One of Manhattan’s southernmost streets, State Street used to be its most stately. The small street—unusual for New York City, in that it curves, elegantly so, from the South Ferry along Battery Park—was once home to some of the most luxurious mansions in Manhattan, which offered unparalleled views of the harbor.
Today, State Street is home to anonymous, modern skyscrapers, throngs with tourists departing for the Statue of Liberty, and commuters riding the Staten Island Ferry. But tucked away amidst the bustle there is a small remnant of more gentile days: a church and a red brick building that dates from 1793. It is one of the only curved buildings in a city built on straight lines, and one of the only buildings left downtown that survived the Great Fire of 1835.
Beautiful, and mostly passed by, the elegant house is adorned with two double-story columns made from the masts of old merchant ships. It also happens to be a shrine and former home to the first American-born saint, Elizabeth Ann Seton, and serves as the rectory for the next-door church, Our Lady of the Holy Rosary.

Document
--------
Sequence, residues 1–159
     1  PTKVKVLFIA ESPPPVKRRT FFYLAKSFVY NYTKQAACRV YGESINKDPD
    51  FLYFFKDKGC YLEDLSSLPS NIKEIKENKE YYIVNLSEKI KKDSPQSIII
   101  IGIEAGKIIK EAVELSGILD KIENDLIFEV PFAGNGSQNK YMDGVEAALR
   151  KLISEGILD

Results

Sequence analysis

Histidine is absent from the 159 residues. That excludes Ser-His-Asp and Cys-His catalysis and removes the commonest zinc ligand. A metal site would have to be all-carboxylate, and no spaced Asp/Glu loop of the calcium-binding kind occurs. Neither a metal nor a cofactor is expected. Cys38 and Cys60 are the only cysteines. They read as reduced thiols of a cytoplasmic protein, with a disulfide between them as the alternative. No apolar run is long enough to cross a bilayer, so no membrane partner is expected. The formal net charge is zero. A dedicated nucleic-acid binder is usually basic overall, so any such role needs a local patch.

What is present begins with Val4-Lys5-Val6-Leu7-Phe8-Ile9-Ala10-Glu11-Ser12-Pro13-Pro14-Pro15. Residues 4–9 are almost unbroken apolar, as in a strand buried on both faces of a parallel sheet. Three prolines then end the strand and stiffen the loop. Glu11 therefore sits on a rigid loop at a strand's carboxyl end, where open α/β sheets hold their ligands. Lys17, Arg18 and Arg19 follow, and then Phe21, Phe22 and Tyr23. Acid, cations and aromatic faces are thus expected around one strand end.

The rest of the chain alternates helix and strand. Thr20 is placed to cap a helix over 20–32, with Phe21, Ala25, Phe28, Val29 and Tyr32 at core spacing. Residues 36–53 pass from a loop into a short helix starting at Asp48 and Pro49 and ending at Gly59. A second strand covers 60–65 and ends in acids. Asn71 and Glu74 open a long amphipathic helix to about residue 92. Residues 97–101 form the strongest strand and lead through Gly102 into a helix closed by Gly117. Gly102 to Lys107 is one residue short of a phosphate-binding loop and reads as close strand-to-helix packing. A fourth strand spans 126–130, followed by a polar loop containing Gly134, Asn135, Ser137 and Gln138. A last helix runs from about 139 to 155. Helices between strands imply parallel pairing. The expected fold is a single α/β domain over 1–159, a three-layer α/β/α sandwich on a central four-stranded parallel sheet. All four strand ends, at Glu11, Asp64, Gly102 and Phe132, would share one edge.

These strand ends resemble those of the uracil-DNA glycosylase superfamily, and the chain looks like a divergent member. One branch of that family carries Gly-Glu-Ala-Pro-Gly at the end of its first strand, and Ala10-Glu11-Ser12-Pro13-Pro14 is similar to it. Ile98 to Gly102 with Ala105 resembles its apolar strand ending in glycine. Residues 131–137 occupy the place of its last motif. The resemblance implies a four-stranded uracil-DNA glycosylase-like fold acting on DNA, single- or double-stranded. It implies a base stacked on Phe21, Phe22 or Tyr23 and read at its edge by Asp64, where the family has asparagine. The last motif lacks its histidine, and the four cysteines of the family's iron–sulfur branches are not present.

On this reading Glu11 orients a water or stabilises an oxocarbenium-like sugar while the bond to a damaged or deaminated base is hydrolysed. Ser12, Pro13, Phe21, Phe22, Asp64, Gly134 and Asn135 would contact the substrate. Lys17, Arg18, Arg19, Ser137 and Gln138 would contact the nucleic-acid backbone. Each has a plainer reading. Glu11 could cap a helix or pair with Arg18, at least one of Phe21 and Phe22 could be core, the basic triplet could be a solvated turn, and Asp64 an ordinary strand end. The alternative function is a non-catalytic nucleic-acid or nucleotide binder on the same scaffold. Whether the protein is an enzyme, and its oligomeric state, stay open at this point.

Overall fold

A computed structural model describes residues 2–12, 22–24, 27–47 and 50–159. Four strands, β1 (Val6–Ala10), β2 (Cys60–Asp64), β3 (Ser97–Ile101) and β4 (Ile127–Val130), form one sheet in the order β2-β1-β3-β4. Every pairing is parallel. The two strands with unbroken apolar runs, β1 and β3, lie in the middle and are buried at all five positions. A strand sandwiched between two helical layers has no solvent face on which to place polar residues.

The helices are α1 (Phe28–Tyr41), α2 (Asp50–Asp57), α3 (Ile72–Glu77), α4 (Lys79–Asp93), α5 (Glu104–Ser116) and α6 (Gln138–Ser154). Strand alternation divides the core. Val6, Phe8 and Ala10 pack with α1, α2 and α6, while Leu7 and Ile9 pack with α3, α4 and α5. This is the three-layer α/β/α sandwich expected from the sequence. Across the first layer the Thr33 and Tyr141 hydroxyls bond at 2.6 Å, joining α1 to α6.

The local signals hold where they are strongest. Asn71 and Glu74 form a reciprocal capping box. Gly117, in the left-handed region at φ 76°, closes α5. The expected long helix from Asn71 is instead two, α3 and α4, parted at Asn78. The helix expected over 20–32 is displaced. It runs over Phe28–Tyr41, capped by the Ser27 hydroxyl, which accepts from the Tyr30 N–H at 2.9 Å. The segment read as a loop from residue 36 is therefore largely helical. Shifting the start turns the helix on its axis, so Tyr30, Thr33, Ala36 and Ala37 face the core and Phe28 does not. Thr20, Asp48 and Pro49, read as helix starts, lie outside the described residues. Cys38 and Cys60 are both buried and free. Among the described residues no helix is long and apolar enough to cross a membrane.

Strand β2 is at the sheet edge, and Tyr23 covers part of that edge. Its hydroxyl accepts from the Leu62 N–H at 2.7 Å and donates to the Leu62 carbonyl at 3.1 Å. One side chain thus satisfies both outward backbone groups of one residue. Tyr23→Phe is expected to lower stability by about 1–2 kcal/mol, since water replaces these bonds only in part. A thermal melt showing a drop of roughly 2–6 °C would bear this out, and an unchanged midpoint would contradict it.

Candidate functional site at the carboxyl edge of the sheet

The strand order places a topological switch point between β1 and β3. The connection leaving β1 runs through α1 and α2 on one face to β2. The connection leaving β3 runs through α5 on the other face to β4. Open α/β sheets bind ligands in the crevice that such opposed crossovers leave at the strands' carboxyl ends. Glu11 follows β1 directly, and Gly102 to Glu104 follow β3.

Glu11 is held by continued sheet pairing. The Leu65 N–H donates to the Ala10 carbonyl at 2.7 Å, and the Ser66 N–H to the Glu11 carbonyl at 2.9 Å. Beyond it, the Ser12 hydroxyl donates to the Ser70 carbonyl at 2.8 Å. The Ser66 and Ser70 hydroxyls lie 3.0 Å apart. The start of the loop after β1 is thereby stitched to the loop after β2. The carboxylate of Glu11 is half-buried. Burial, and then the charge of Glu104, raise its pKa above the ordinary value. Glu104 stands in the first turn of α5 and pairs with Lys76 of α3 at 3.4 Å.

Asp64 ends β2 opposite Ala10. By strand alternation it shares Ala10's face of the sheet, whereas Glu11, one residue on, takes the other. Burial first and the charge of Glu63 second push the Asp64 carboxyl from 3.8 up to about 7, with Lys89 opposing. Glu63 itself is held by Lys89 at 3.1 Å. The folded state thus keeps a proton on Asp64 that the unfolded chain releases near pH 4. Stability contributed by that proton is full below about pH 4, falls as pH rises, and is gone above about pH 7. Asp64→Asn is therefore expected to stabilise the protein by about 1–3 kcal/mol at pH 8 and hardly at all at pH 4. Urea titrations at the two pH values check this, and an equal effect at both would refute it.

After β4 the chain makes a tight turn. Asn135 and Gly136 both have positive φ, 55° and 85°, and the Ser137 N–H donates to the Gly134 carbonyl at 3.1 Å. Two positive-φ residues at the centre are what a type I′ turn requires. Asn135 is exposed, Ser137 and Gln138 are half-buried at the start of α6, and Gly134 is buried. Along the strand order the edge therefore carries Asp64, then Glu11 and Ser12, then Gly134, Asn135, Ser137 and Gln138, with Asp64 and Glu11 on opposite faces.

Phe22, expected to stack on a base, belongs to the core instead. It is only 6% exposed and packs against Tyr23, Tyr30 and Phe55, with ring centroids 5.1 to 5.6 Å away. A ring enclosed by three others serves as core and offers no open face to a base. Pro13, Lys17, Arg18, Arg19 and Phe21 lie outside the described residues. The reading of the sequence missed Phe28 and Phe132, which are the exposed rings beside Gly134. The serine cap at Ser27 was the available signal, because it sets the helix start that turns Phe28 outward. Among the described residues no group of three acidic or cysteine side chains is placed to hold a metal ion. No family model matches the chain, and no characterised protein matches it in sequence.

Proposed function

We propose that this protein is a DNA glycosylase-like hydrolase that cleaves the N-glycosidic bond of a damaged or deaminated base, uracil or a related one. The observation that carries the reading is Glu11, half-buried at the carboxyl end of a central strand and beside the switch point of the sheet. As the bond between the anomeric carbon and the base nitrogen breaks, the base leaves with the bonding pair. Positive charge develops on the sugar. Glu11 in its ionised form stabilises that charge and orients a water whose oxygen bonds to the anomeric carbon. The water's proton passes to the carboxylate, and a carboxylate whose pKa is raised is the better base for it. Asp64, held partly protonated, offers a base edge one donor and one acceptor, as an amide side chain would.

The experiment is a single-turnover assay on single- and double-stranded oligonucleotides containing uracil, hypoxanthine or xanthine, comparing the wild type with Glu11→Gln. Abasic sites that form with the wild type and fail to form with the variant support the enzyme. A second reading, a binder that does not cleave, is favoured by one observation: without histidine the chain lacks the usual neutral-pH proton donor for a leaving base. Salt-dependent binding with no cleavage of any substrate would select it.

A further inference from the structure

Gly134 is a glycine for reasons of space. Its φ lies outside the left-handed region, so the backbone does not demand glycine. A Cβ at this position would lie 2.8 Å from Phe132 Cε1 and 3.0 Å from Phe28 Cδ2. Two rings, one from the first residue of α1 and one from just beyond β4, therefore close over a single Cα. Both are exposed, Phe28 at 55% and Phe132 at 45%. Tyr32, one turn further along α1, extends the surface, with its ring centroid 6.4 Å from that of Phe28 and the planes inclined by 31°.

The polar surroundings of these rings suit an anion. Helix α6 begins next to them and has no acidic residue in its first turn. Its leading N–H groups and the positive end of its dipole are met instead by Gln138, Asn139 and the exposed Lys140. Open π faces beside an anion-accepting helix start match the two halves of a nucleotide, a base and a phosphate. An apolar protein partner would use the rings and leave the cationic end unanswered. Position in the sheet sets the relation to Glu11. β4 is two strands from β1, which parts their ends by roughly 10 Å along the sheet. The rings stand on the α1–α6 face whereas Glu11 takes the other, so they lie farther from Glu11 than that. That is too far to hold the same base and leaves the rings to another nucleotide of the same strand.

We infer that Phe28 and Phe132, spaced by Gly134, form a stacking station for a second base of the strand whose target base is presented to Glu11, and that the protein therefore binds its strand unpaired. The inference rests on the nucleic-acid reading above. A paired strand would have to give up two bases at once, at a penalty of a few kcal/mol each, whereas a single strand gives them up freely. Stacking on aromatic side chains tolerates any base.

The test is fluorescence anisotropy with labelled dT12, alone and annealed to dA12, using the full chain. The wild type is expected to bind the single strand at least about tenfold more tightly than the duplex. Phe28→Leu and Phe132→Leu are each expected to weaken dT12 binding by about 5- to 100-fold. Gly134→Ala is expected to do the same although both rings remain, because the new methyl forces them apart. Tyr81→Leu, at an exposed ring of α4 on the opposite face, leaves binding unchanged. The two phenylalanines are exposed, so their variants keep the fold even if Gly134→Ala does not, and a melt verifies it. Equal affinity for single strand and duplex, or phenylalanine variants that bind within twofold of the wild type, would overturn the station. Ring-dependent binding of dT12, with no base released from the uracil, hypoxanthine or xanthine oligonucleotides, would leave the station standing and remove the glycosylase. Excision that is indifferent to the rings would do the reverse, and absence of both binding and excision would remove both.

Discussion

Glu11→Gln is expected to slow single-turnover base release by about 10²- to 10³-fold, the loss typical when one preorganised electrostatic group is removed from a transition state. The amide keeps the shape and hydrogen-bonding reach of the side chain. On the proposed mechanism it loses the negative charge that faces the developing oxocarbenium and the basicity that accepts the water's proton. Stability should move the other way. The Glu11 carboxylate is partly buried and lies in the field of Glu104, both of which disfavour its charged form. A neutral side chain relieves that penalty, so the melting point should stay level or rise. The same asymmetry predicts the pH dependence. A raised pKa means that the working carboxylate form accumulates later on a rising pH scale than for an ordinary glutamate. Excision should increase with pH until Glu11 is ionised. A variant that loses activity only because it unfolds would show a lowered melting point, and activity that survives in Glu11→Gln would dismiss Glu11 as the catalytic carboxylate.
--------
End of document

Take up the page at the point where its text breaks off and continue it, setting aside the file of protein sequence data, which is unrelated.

St. Elizabeth Seton was born in New York City in 1774. She would go on to found St. Joseph’s Academy and Free School, the first free school for Catholic girls in the United States. She dedicated her life to caring for poor children, and also founded the Sisters of Charity, the first order of nuns in the U.S.
Elizabeth Ann Seton was canonized in 1975 by Pope Paul VI, becoming the first American-born citizen to be so. The Pope said of her, “In a house that was very small, but with ample space for charity, she sowed a seed in America which by Divine Grace grew into a large tree.” The old house remains one of the most unusual and peaceful to be found in Lower Manhattan.